Study claims chondrite asteroids are responsible for the Earth’s water

A new study has been published claims that a type of meteorite called an enstatite chondrite could be responsible for the abundance of water on Earth. This meteorite has a similar isotopic composition to terrestrial rocks and could represent the material that formed the Earth. Researchers on the study say that these rewrites contain sufficient hydrogen to have delivered to Earth at least three times the mass of water found in the oceans today.

Enstatite chondrites are asteroid remnants that were created from the nebula that formed the solar system. This kind of rock is rare, making up only two percent of known meteorites in collections on the planet today. These rocks have similar oxygen, titanium, and calcium isotopes as rocks commonly found on the Earth.

This new study shows that not only are the isotopes of oxygen, titanium, and calcium similar to rocks on Earth, but the hydrogen and nitrogen isotopes are also similar. Researcher Dr. Laurette Piani says that the team’s discovery shows that the Earth’s building blocks may have significantly contributed to the abundance of water on our planet.

She says that a hydrogen-bearing material was present in the inner solar system at the time of rocky planet formation even though temperatures were too high for water to condense. The components that built the Earth are often assumed to have been dry. This is due to the fact that they came from inner zones of the solar system, or temperatures would’ve been too high for water to condense and come together with other solids during the formation of the planet.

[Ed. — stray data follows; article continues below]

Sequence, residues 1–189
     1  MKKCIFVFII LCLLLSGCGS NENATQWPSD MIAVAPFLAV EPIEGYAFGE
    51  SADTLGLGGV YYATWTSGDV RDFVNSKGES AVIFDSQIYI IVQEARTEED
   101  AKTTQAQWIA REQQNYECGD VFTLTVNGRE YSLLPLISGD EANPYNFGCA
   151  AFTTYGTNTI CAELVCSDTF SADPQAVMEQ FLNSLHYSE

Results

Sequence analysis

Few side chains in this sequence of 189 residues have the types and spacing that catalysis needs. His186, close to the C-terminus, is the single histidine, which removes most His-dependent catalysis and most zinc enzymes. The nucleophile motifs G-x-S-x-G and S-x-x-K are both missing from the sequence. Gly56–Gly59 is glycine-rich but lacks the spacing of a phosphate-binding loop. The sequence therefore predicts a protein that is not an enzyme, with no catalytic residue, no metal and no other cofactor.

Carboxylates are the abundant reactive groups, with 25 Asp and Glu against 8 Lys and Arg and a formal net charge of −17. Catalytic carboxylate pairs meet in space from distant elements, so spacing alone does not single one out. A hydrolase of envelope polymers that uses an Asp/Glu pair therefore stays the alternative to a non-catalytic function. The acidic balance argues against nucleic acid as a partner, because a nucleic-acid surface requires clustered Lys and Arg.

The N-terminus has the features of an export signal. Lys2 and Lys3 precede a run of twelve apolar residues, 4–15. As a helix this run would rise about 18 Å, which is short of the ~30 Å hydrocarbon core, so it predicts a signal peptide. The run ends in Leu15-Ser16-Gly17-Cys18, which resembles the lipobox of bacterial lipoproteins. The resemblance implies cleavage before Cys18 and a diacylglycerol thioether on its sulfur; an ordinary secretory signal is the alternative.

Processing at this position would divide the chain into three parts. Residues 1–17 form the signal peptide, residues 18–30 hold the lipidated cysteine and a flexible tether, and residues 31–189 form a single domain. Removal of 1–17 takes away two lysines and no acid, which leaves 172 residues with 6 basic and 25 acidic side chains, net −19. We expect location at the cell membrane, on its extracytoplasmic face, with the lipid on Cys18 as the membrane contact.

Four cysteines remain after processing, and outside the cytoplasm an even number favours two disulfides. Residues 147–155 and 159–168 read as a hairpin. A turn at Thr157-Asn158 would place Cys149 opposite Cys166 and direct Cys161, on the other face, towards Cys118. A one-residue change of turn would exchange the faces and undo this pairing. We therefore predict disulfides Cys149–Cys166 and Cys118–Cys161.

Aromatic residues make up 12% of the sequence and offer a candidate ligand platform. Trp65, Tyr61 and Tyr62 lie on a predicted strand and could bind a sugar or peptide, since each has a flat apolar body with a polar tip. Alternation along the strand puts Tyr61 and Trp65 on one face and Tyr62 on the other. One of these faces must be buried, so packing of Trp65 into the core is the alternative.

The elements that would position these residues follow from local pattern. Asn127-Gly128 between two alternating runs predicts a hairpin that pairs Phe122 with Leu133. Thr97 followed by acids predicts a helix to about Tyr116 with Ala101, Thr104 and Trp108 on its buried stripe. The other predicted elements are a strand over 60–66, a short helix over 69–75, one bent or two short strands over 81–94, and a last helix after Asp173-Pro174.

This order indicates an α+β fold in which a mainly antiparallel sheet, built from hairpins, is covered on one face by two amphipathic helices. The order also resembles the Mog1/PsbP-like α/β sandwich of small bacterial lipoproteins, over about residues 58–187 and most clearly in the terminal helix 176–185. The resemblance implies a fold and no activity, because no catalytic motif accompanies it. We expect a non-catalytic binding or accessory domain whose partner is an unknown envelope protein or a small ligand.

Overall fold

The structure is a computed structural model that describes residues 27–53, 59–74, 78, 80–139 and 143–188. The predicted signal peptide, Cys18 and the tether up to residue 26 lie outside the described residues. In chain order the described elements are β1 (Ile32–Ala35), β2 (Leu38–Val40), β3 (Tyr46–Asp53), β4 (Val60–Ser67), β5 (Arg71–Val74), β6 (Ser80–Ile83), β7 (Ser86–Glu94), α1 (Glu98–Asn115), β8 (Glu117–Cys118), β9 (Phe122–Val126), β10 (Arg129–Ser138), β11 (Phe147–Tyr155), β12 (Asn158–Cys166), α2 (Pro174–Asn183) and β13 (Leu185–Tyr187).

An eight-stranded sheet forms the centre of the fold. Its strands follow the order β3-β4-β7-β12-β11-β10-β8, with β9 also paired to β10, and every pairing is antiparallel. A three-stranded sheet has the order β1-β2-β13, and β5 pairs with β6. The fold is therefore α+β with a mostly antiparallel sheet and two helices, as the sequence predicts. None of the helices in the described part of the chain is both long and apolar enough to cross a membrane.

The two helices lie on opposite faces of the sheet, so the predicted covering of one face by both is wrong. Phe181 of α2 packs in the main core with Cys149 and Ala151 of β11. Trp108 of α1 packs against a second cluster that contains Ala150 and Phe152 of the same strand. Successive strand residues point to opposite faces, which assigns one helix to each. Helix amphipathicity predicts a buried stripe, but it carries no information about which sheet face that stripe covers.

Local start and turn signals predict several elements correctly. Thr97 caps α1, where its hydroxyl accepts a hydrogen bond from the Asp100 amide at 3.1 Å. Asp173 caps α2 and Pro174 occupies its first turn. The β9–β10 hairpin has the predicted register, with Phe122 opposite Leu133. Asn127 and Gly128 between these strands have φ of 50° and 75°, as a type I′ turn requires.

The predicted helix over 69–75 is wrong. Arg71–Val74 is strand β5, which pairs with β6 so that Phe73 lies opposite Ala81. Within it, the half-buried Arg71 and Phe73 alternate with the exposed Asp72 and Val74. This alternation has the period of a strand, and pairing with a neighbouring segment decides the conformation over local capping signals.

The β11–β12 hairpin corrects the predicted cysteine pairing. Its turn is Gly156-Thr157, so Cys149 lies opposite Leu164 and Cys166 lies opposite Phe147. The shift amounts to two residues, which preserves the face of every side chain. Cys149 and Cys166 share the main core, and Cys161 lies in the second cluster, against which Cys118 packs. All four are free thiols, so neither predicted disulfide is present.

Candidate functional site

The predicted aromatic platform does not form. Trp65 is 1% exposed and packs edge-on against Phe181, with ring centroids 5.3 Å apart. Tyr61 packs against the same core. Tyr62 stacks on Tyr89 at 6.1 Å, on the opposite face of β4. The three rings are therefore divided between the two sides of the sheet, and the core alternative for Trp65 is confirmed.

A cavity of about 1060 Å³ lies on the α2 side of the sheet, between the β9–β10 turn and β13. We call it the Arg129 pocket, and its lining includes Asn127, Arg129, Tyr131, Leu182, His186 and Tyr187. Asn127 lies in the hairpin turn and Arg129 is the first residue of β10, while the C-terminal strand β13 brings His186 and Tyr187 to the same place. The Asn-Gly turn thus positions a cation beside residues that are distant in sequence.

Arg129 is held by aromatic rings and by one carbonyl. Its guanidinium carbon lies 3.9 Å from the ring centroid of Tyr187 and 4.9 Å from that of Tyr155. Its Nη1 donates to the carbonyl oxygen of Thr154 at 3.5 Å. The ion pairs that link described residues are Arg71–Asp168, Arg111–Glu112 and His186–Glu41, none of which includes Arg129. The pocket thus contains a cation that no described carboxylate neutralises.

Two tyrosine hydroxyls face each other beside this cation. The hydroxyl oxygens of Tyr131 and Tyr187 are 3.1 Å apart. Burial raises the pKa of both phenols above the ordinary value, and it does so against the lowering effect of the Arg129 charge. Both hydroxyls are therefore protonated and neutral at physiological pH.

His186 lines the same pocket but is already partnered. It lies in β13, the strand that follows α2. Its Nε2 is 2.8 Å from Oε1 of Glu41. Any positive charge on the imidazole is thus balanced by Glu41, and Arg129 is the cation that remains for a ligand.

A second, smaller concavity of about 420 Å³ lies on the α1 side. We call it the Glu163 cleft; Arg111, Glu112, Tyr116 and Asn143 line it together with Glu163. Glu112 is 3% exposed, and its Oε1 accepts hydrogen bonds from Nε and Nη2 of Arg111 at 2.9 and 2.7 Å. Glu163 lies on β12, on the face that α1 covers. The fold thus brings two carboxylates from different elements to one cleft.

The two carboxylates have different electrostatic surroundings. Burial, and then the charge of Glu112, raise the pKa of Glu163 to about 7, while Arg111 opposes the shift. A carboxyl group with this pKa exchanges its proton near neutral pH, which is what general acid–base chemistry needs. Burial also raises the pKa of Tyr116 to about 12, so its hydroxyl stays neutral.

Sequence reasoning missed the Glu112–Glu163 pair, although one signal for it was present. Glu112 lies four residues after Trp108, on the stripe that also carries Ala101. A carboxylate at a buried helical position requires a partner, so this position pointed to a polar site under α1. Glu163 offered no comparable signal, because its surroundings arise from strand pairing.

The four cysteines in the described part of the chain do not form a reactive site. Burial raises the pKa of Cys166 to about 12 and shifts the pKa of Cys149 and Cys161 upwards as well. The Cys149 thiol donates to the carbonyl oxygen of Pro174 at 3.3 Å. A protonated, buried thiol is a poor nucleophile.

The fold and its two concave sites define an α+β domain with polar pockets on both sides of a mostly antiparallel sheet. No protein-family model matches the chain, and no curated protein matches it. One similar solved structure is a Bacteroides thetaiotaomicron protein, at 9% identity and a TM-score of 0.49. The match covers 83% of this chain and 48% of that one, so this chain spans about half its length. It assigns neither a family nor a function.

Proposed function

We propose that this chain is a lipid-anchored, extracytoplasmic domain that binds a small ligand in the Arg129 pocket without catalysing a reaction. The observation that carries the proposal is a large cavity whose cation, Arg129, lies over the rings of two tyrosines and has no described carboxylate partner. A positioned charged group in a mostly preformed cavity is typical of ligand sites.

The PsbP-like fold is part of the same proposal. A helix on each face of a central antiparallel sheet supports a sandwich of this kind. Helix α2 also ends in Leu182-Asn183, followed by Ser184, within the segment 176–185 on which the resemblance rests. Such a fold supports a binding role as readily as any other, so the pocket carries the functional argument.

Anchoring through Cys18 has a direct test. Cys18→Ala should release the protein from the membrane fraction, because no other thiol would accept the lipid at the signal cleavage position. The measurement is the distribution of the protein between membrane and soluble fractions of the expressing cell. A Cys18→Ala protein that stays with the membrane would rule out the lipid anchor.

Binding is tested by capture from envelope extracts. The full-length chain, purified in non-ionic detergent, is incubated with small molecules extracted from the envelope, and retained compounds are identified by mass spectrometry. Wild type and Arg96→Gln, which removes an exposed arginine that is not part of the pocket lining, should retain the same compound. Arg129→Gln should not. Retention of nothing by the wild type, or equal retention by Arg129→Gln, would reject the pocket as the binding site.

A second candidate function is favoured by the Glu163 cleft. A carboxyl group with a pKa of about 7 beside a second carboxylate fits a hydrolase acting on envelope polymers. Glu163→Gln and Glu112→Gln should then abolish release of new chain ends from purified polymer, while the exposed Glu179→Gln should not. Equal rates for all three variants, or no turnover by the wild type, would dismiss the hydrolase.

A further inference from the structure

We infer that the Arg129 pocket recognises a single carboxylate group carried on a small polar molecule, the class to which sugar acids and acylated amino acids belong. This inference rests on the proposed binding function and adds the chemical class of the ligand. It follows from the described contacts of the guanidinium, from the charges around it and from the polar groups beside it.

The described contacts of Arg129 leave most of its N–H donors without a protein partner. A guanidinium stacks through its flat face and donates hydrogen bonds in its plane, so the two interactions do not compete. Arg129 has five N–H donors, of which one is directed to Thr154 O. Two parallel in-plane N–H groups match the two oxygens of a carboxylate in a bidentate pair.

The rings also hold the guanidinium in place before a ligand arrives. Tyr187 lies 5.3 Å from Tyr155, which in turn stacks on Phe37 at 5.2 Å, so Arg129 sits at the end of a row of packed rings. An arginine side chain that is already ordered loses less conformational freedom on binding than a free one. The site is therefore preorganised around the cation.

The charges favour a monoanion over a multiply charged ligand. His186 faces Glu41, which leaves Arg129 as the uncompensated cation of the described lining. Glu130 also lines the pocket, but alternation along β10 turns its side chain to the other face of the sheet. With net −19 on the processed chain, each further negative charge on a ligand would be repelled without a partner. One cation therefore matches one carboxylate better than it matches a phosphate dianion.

The researchers believe that these meteorites provide a clue that water didn’t have to come from far away for the Earth to be so wet. Another researcher on the project, Dr. Lionel Vacher, says that the most interesting part of the discovery for him is that the chondrites there were believed to be almost dry contained an unexpectedly high abundance of water.

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